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When I was student I was told that time is defined by the requirement that the physical laws are simple. For example, in classical mechanics time can be defined by the requirment that the velocity of an isolated body is constant. One could generalize this approach by assuming that space-time is defined by the requirement that the physical laws are simple. This can be easily expressed in mathematical language as follows.

In general relativity the universe is represented by the triple $(M, g, T)$ where $M$ is a four-dimensional differentiable manifold, and $g$ and $T$ are a Lorentzian metric and a tensor field on $M$ satisfying Einstein's equation.

According to the above approach, we could say that the "true" physical reality of the universe is represented by the pair $(M, T)$, while the metric $g$ emerges as an appeareance from the requirement that evolution appears simple, i.e., that $g$ and $T$ satisfy Einstein's equation.

From the mathematical point of view, this approach poses for example the following problems: does any tensor field $T$ admit a metric $g$ such that Einstein's equation is satisfied? To what extent a tensor field $T$ univocally determines the metric $g$?

Does this approach make sense, at least from the mathematical point of view?

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Already the first paragraph is completely bogus, so before I continue reading, let me point this out and prompt you to make some sense of it. You can't define time by the requirement that velocity is constant. Without time, there is no concept of velocity at all. Time is the most fundamental notion in all of physics and is never defined a posteriori. In particular, in GR, we require that the manifold be Lorentzian, so again there is an implicit Minkowsian notion of space-time. There is no way to get around this. Also, there is no need to get around this (besides cheap philosophy...). –  Marek Jun 16 '11 at 15:20
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Let X be the configuration space of a classical N-particle system. Assume that a curve on X, i.e., the image of a map from R to X, is given. Any map with that image corresponds to a different definition of time. The correct definition of time corresponds to the maps which satisfy Newton's law, if any. –  bgalvan Jun 16 '11 at 15:57
    
For what it's worth, the first paragraph makes sense to me. –  Ted Bunn Jun 16 '11 at 18:12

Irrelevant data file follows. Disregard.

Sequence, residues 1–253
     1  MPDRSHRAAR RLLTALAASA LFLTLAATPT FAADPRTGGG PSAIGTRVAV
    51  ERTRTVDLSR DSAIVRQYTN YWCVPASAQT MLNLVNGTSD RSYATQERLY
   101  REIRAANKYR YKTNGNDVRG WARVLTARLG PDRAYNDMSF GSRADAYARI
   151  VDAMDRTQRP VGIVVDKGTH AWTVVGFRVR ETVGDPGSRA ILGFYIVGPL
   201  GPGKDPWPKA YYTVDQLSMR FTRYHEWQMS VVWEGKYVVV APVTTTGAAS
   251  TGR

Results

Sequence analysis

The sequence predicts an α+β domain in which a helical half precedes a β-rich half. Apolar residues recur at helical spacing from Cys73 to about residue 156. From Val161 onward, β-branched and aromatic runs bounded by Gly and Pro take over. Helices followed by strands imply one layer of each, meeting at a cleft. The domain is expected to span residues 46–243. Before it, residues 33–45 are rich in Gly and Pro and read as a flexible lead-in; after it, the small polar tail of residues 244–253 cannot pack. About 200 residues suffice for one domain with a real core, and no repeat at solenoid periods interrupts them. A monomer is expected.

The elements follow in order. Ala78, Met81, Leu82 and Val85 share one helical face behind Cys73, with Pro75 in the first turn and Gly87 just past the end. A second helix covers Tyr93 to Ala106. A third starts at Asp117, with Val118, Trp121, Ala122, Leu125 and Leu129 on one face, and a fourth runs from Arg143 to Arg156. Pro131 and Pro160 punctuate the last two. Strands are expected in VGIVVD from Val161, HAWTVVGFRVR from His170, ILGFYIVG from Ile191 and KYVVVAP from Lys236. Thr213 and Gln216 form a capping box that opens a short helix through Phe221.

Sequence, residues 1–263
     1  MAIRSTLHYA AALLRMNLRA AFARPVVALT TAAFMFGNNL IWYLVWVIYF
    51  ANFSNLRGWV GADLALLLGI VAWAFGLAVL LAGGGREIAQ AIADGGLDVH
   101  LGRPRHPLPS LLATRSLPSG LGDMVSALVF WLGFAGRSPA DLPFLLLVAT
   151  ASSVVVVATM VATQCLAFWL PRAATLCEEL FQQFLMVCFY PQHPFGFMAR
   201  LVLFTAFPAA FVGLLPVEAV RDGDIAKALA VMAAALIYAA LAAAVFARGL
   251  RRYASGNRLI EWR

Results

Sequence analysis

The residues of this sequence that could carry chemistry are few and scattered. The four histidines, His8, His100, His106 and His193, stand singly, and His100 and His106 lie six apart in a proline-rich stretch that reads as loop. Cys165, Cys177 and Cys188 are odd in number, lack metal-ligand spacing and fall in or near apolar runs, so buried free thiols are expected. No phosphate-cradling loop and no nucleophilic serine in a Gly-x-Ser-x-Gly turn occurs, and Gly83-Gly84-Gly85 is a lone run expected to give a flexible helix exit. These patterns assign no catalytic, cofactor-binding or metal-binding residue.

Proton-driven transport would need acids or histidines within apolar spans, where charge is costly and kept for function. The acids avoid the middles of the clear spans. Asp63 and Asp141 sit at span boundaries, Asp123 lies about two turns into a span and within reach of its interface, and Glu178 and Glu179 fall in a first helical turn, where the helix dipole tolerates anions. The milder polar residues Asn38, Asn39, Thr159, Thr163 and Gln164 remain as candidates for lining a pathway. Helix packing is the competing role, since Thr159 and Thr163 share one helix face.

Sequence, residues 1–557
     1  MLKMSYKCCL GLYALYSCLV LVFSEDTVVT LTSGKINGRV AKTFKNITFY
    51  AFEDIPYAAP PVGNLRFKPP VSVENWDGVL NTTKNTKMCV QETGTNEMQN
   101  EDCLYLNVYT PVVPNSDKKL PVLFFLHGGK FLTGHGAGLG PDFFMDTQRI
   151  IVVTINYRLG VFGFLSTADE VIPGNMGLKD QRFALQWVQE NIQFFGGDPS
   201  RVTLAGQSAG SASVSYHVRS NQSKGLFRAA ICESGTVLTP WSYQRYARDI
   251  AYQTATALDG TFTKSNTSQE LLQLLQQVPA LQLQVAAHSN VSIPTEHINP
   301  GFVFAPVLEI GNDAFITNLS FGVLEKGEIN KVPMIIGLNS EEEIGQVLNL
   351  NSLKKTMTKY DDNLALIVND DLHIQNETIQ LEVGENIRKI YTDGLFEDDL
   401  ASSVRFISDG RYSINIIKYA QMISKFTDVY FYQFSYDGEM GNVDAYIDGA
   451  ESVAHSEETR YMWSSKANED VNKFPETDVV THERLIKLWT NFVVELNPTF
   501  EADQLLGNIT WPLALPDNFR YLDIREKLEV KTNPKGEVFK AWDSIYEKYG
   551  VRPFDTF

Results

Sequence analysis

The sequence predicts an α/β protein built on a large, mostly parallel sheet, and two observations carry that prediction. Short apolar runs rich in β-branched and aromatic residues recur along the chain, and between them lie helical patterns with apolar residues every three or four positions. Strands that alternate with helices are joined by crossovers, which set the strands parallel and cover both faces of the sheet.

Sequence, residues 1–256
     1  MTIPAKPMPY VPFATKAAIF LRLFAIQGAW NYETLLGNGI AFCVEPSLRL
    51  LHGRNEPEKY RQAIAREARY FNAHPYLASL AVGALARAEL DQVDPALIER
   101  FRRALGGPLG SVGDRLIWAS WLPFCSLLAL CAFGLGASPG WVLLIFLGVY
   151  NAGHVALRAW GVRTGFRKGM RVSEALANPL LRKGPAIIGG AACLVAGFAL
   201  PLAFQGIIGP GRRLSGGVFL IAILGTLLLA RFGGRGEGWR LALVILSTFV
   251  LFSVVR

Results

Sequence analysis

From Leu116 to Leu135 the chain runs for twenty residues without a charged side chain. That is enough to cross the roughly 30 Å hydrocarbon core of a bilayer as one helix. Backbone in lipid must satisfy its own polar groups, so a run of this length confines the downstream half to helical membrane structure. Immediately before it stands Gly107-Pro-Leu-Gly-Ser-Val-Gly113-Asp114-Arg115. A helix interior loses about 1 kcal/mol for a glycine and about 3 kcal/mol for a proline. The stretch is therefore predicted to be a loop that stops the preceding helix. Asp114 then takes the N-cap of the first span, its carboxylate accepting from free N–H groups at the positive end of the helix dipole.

@bgalvan: correct definition? It is easy to measure time in units which have arbitrary functional dependence on your Newtonian time. This notion of time is equally good and yet it would not satisfy Newton's first law, etc. –  Marek Jun 16 '11 at 19:07
    
@bgalvan: the importance of time is not in the form of laws (indeed Einstein already noticed that arbitrary reparametrizations should be present in any physical theory and included diffeomorphism invariance). The importance of time is in the arrow of time, i.e. that we can predict something about the future given the past. In other words, that we can formulate Cauchy initial-value problem. –  Marek Jun 16 '11 at 19:11
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up vote 1 down vote accepted

Addressing just the last two paragraphs of your question:

If $T$ is "non-degenerate" (at every point as a linear transformation from $T_pM \to T_p^*M$), then modulo some issues with the constraint equations $g$ can be solved from $T$, at least locally in time, after prescribing it in a compatible way on a space-like hypersurface. See this article by De Turck.

Presumeably the issue with degeneracy has more to do with the method involved in solving the problem, then with it being a critical condition, since the evolution for Ricci-flat metrics (Einstein vacuum equations) is also well-posed.

The main difficulty is about the "univocal" part: due to diffeomorphism invariance, the "local" problem for prescribing Ricci curvature is under-determined. (The global problem may have topological constraints; that I am not sure about.) So one expects that for the local problem the issue is more likely the overabundance of solutions.

On the other hand, the prescription of initial/boundary data may be crucial. Roughly speaking the prescribing Ricci curvature equation is analogous to the inhomogeneous wave equation with a source term. In which case the hyperbolic nature of the equations shows that for any initial configuration there exists a different evolution. So it may be that this will lead to multiple different metrics compatible with your $T$ (indeed consider the case where you restrict your manifold to be $M = \mathbb{R}^4$; the global nonlinear stability of Minkowski space, combined with classical results on classical results on the existence of solutions to the vacuum constraint equations shows that on $M = \mathbb{R}^4$ there are many incongruent (since for these other solutions the Weyl tensor is non-vanishing) solutions to Einstein's equation when $T = 0$; I would expect something similar for the case of prescribed $T$).

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Very interesting, thank you –  bgalvan Jun 16 '11 at 16:12
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